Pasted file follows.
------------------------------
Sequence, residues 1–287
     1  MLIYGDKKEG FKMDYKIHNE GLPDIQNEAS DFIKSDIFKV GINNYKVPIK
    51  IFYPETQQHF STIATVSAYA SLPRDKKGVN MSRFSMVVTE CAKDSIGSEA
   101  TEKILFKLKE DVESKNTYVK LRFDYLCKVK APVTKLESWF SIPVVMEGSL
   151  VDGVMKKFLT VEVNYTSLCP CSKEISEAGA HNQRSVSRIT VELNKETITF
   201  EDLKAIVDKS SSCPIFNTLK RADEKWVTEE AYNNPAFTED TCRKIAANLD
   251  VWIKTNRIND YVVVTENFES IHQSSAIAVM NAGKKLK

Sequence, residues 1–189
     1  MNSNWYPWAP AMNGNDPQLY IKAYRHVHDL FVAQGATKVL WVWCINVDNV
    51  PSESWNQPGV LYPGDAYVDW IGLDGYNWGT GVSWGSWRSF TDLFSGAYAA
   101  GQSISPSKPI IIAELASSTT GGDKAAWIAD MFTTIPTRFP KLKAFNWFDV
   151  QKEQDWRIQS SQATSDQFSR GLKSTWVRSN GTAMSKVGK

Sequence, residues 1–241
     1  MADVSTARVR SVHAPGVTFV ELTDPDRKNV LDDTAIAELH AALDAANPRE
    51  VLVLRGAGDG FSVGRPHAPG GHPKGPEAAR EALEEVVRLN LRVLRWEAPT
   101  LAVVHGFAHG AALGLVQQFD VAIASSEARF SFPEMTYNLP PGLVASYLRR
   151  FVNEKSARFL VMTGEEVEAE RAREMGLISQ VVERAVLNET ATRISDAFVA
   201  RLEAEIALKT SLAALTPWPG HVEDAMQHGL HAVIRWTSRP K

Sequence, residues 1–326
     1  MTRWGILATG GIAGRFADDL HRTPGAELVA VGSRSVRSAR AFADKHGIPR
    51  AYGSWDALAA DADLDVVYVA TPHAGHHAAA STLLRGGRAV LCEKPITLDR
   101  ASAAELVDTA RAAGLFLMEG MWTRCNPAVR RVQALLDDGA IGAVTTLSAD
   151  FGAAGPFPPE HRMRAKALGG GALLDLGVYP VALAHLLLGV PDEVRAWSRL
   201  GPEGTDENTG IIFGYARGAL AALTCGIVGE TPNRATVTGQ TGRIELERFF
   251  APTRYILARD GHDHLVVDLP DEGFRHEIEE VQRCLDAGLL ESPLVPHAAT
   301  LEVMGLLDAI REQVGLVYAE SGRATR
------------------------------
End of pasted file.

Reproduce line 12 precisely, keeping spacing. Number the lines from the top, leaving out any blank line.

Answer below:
   151  QKEQDWRIQS SQATSDQFSR GLKSTWVRSN GTAMSKVGK